“You capture the heart of what they are saying and graciously lead them along another path, because if they have an ability to draw, that doesn’t mean they can only go into the video game industry.
“I think senior citizens should listen with their eyes and their heart. People long for your acceptance and understanding before they can accept your correction.
“In the Asian context, when we talk about mentoring, we tend to think of the shaolin temple type of mentoring where you have the sifu and whatever the sifu tells you to do, you do. The more painful it is, the better it is for you.
“That only works if you have a motivated student who doesn’t mind going through pain to achieve a higher performance level, but I don’t think that should be the default mode,” says Tan.
Thirdly, you need to focus on the relationship. Focus on what you are really trying to achieve which at the end of the day is for the other person’s benefit.
This means understanding the situation and the younger person and what is helpful to them rather than giving unsolicited advice or insisting your way is the best.
What not to do
One of the things not to do is to belittle the younger person you are mentoring.
“We live in a generation, for better or for worse, that is very hung up on affirmations. People tend to judge their work by the number of likes they have on Facebook. They look out for how many likes or if there are any negative comments. In a way I would say that people today are a bit more fragile in that sense. So, I think as a mentor we need to go in with our eyes open, knowing that their sense of self-esteem would need to be taken into consideration. It’s important not to belittle them.
“The other thing is don’t be too anxious to dispense your advice. Those who are mentoring have a lot of good seeds to sow. But the seed would only grow if it falls on the right soil. Sometimes as mentors we focus too much on the seed. We want to just keep planting the seeds but the thing is the soil is not ready.
“I guess in the first few conversations we need to test the ‘soil’. Is this person ready? Sometimes the heart is a bit hard so you need to do a bit of ice-breaking, till the soil a bit, do some activities together,” says Tan, explaining that this could be something simple like going for a walk together or just having a meal together.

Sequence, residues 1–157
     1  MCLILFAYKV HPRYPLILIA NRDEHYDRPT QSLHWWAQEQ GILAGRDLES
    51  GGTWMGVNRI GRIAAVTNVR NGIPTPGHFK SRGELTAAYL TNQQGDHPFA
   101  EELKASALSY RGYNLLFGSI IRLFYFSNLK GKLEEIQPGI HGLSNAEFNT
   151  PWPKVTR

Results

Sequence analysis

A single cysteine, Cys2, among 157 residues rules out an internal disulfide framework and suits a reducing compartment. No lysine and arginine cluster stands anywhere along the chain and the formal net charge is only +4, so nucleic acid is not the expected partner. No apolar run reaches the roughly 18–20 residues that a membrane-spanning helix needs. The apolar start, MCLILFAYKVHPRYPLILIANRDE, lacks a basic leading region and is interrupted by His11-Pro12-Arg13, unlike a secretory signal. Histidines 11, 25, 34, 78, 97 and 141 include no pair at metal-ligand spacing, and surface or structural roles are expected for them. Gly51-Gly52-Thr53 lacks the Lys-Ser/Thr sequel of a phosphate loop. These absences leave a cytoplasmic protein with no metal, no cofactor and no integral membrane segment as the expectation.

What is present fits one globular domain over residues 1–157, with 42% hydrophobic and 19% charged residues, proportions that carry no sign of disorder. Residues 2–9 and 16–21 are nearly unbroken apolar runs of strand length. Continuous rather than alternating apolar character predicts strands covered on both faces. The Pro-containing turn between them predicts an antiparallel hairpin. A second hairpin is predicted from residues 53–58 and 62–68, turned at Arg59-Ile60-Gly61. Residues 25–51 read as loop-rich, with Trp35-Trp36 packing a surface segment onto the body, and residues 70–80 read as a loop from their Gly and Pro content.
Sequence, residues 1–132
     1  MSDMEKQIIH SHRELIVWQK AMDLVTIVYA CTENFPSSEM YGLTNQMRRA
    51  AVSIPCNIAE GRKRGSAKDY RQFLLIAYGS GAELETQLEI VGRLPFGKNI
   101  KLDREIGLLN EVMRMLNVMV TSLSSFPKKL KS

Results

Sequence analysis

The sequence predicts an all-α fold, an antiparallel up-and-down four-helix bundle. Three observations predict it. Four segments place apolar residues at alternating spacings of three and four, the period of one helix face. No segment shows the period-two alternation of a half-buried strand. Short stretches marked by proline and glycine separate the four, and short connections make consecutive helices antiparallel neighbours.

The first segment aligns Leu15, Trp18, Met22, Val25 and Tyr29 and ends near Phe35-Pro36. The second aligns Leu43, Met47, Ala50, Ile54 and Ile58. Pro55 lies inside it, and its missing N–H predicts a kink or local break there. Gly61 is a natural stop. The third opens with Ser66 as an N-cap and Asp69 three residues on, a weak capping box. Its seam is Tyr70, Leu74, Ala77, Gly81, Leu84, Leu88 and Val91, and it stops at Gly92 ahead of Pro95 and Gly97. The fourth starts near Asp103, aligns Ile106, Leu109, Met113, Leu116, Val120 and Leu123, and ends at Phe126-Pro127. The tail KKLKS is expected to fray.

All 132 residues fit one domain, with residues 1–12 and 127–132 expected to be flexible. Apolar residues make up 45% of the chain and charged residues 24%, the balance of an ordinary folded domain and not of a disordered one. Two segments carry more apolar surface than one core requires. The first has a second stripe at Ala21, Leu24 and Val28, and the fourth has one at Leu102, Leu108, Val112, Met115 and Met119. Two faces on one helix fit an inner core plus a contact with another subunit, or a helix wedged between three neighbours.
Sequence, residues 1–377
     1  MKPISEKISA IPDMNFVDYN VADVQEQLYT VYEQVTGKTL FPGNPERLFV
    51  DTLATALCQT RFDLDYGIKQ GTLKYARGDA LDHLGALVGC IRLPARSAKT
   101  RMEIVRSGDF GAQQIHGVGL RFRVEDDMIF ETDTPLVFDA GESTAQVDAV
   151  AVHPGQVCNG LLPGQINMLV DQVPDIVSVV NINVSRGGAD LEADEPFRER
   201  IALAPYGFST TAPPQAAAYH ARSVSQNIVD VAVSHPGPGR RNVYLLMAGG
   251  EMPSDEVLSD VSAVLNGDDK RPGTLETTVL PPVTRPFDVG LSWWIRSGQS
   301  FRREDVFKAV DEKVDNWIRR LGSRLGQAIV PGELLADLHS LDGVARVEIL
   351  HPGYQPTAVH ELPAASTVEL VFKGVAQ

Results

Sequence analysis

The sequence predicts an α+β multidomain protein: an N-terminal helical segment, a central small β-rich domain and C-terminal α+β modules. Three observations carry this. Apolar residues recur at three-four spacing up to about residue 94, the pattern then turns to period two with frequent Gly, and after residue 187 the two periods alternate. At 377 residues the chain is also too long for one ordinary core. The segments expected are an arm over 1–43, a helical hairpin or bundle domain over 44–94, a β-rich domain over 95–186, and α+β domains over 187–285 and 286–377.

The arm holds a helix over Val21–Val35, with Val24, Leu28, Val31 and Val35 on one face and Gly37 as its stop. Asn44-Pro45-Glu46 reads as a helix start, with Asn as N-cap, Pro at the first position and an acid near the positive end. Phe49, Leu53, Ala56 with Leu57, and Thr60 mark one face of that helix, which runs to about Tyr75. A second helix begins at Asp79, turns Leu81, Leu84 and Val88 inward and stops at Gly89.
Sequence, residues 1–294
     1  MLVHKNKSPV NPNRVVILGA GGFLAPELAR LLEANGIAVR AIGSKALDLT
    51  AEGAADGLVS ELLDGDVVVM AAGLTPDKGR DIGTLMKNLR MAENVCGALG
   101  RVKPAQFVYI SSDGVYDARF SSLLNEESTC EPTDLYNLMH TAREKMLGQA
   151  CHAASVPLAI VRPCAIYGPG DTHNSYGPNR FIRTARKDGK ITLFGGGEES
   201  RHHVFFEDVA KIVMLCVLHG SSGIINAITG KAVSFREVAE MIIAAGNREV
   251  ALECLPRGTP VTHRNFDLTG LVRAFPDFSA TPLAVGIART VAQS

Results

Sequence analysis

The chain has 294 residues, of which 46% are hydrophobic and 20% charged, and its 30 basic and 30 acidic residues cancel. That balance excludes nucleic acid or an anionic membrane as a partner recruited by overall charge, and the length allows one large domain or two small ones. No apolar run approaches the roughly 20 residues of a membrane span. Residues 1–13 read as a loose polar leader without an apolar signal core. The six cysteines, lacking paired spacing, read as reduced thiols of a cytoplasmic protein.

If the younger person is ready, then only should you dispense the advice that he is ready to hear. Don’t be too quick to share your philosophy of life in the first conversation. While you may think you are running out of time to share your wealth of knowledge, the younger person is in no hurry as they have a lot of time. If you share too soon, the advice will only fall on deaf ears.
Additionally, Tan believes senior citizens who are mentoring should not feel obliged to have all the answers. Sometimes there’s a tendency for mentors to feel inadequate if they can’t provide all the answers. It is okay to admit you do not have the answers and that perhaps someone else would be in a better position to assist.
“Somehow we are wired in such a way that we want to pass on traditions or life lessons, because we want to leave a little bit of ourselves behind. As a mentor, you would feel fulfilled and satisfied that you have left a legacy and that you have deposited something into the lives of others that will potentially grow and multiply. There would be the satisfaction of having made a difference.
“It’s about getting involved in someone else’s world that will really make those rich deposits. I think it keeps you vibrant and healthy and gives you a reason to wake up each morning,” says Tan.
He believes that while mentoring juniors within the company is good, our family members should not be neglected.
“As in most things, it is the people closest to us that we take for granted because we assume that they will always be there. When it comes to mentoring, it is easier to get ourselves involved in work-related or performance-related mentoring because many times that puts us in the limelight, but those closest to us need our mentoring, too.
“In mentoring, let’s remember those closest to us,” says Tan.
For more Starting Young articles, click here. Let us know your mentoring journey in your family or workplace by commenting or writing to us at email@example.com. For mentoring programmes for your organisation, write to firstname.lastname@example.org
Reposted with permission on Leaderonomics.com.